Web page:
Redirection is a key feature in out-of-band systems, said Nathan Dornbrook, chief technology officer at IT and security consulting firm ECS.
Traffic must be redirected from the router to the DDoS appliance so that it can conduct a deep-dive packet analysis, he explains. If you’re a big company and you have two ISPs instead of one for load balancing purposes, that redirection entails one service provider letting the other one inject routes into its core, he warned, calling it a “big no-no”.
“It can cause instability to let one of your competitors screw with your routing tables,” he warned. “In addition you’re talking about carrying a lot of bad traffic across your core.” All that creates headaches for the service providers and the customer, who just wants to secure their traffic.
Handling sophisticated attacks
Inline mitigation has developed as a worthy alternative, but this too can be implemented in different ways, points out Dornbrook. “There are other guys that do DDoS protection where they have a content distribution network and some kind of filtering capability and they filter the traffic and pass it on to you and they do it inline,” he said. “Those services definitely have a role to play but they’re better for smaller customers.”
In its paper on withstanding DDoS attacks, the SANS Institute points out that cloud-based services may not protect companies as readily from "low and slow" DDoS attacks, in which incoming packets are consume server resources as a way to starve out legitimate traffic without heavily flooding the network.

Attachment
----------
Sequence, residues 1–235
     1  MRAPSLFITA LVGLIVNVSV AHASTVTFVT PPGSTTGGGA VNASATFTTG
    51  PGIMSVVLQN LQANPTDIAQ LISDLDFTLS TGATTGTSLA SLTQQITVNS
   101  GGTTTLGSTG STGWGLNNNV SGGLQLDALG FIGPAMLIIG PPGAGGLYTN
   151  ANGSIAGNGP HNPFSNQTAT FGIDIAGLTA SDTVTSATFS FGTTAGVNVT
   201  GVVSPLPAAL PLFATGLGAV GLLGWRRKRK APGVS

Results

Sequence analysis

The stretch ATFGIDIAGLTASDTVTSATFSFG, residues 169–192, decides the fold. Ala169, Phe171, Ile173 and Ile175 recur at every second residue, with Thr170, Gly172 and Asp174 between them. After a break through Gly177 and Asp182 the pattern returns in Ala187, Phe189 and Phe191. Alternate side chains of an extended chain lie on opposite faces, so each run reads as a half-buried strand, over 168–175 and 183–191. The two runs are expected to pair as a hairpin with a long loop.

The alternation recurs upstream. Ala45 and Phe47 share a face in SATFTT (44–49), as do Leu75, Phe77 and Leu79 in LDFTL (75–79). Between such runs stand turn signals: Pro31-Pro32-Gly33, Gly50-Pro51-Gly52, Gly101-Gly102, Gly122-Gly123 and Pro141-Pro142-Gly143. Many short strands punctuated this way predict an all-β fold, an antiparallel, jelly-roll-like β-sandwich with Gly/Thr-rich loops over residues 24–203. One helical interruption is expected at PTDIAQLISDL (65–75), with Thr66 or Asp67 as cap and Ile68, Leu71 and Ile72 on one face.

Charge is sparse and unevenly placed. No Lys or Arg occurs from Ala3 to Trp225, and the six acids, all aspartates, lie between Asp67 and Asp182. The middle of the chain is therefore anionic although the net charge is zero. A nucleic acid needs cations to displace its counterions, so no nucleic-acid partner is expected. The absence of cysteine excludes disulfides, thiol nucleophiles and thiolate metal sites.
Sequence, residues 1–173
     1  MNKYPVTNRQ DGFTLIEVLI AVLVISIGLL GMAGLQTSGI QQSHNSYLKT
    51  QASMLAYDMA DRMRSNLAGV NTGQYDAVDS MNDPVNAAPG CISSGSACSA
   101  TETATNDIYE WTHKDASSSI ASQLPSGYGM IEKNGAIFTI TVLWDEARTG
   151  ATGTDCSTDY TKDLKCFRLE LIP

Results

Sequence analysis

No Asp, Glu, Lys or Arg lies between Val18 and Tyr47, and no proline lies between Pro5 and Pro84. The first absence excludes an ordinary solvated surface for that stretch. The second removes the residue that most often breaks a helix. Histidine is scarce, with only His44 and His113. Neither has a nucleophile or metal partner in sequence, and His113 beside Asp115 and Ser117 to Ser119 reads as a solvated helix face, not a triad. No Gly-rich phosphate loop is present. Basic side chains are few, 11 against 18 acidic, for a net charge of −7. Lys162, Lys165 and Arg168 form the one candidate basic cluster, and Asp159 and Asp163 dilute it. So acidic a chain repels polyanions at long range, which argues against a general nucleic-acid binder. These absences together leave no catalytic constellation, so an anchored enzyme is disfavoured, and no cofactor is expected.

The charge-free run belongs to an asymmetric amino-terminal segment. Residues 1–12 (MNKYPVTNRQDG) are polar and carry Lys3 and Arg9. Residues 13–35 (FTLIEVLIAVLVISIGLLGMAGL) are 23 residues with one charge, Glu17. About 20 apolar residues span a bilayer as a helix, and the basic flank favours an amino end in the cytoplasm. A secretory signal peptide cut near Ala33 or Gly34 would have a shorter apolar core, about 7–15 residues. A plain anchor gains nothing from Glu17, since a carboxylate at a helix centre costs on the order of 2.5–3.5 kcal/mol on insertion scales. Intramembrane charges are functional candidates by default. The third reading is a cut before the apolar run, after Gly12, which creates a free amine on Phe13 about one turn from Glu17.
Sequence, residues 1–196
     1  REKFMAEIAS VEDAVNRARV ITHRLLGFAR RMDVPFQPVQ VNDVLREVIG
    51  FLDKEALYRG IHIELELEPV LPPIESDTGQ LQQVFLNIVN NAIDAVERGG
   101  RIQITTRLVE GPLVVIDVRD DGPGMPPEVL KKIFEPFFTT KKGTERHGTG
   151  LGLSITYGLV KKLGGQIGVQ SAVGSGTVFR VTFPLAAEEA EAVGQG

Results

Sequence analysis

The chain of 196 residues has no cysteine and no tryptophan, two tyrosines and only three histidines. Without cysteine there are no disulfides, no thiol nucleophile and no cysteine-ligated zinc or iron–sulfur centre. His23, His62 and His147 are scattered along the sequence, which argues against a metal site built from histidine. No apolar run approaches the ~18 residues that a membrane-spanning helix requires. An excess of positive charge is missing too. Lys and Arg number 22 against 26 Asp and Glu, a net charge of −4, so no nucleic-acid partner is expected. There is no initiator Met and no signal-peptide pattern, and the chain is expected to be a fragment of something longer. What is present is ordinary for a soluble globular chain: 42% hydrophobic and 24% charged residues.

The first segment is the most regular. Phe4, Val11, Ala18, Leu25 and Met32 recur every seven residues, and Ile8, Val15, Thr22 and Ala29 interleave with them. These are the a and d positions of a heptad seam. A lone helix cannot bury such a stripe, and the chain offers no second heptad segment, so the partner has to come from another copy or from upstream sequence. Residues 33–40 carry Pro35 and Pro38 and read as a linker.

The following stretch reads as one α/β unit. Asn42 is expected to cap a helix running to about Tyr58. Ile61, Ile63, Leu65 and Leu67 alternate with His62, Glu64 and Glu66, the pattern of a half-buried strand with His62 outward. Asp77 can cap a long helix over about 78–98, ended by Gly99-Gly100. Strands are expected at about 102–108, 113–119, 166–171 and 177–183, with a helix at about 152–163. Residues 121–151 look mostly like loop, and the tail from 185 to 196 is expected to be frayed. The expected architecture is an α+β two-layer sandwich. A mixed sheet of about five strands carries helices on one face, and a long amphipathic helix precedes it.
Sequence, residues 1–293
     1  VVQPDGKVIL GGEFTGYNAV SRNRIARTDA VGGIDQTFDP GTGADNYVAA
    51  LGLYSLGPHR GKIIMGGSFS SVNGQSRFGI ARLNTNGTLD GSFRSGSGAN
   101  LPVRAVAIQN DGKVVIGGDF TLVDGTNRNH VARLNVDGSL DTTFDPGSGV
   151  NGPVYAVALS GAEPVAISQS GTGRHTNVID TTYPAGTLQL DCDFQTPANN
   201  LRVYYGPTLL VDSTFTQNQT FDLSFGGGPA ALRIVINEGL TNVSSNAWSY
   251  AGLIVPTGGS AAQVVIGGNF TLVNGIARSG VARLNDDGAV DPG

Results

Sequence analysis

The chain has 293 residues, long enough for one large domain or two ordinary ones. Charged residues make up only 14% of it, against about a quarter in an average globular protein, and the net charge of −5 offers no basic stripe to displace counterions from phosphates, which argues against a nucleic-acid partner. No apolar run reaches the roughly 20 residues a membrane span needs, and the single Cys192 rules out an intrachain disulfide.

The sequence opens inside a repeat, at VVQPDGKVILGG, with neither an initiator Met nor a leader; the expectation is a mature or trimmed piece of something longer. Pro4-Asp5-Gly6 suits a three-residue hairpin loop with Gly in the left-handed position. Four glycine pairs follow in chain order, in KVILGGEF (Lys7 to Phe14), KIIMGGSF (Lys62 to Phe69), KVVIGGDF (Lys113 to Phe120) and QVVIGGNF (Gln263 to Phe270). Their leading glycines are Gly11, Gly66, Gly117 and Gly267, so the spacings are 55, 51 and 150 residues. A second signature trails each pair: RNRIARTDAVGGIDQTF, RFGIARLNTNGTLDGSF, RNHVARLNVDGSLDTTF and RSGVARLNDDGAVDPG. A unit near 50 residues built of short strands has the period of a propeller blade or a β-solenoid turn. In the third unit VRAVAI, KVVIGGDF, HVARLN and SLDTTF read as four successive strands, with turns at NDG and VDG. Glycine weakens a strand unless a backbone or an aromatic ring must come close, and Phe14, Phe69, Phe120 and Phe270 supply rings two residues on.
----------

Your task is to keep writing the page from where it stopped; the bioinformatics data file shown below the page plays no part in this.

These attacks, typified by attack tools like RUDY and Slowloris, focus on bringing a target down quietly by creating a relatively low number of connections over time. They will often operate at at the application level of the network stack, which is layer seven in the OSI model.
“The layer seven attacks are the ones that are the trickiest to pick up on because they tend to exploit weaknesses that are architected into systems when the site is developed,” said Andy Shoemaker, CEO at DDoS research and simulation consulting firm Nimbus DDoS.
“It may not use up the network resources but it uses the compute resources. It hits the database, authentication services and so on.”
These attacks can be particularly troublesome, as attackers can bring down a web server unobtrusively, sometimes with a single machine, making these attacks easily mountable and difficult to detect.
In addition, to these concerns, Cloud-based DDoS services, which are by definition out-of-band, can also introduce delays in protection, which can result in service outages, the SANS paper warns.
If you’re planning an inline solution, you’ll want to be sure that you can scale it to suit your traffic needs. Performance is critical as any inline solution with performance limitations could itself be exploited and become a traffic bottleneck. Right-sizing your traffic flow is a must-have skill here. Choose a line-rate solution that you can cluster to increase performance.
And hopefully, some jerk won’t be able to take your company down for profit – or just for the hell of it.